This test will mostly focus on statistics, I think, so you can skip most of the beginning~

Please download the printable version, as it has much prettier formatting!

Designing and Experiment

1. Focused problem/research question.

This is the section for telling the reader what your experiment was all about. A good research question should have:

-independent and dependent included

-species name included (if applicable)

-source of material (if applicable) ex: chocolate for M&M

When identifying relevant variables, choose the ones that would probably have an impact on your experiment if changed. For example, an experiment about the effects of temperature on melting ice doesn’t need to have the type of water as a variable. Only test one independent variable at a time!

Remember to include: independent, dependent, and controlled variables.

2. Controlling variables

Here, you should show how to prove that the variables are being controlled.

-indicate the range of independent variables. For example, 1, 3, 5, 7 drops of food coloring.

-indicate how you are measuring independent/dependent variables

-how are you controlling the controlled variables?

-all of this can be indicated in the variables or procedure section

3. Developing a method for collection of data

-have multiple trials/repetitions, this will let you have enough data to perform calculations

-aim for 15 points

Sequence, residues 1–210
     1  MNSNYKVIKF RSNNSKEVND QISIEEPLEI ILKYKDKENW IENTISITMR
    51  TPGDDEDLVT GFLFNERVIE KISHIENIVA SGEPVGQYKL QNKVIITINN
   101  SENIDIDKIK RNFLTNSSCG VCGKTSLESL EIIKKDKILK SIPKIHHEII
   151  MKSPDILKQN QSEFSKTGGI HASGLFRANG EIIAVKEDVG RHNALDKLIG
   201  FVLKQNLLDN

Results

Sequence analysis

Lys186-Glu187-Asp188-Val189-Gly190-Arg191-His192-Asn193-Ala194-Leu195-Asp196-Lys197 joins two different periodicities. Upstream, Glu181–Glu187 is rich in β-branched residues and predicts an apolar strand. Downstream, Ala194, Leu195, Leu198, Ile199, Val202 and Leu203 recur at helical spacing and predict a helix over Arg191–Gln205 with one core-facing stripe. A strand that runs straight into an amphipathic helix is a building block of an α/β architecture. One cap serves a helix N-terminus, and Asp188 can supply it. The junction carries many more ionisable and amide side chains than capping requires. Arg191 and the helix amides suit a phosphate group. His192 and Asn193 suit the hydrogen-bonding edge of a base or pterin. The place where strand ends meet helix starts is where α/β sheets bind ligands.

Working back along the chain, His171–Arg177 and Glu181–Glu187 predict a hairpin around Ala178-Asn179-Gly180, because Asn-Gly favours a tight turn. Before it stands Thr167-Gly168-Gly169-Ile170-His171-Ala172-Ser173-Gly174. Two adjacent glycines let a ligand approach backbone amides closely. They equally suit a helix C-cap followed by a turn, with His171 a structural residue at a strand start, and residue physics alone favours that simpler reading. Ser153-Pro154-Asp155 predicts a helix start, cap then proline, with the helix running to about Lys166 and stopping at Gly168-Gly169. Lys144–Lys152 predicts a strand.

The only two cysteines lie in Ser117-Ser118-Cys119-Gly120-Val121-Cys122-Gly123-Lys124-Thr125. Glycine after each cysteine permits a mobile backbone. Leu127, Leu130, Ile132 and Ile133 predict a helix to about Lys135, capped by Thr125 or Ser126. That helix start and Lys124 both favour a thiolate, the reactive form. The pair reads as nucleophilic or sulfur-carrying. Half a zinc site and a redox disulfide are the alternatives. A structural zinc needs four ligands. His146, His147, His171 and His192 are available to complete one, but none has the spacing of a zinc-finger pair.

-have a good range of independent variables

-measurement of dependent variable is relevant, for example, measuring oxygen production for rate of photosynthesis, not something random like number of leaves or heat of plant

Data Collection and Processing

1. Recording raw data

It’s as easy as it sounds! Simply make a table, and write down the quantitative and qualitative things you see with your experiment. There isn’t any error here except for systematic error.

2. Processing raw data

Make sure to include sample calculations for everything!

In biology, data processing revolves around statistics. Statistics is math that uses small samples of a population to draw conclusions about the larger population. The majority of statistics will be covered later.

Presenting Processed Data

Trend lines: use best fit lines to indicate direct relationships. When there’s continuous data, and both sets are quantitative

Bar graphs: use for disconnected data; or grouped data. You can use this when one of the data sets is qualitative.

Conclusion and Evaluation

1. Concluding

Here, state your conclusion with justifications based on your data and math. Make sure it has this stuff:

-Justification means research, along with citations of similar investigations to create supporting evidence

-Data should always be included in the conclusion

-Answer the question: Does your data support or refute your hypothesis. Remember, you can’t prove a hypothesis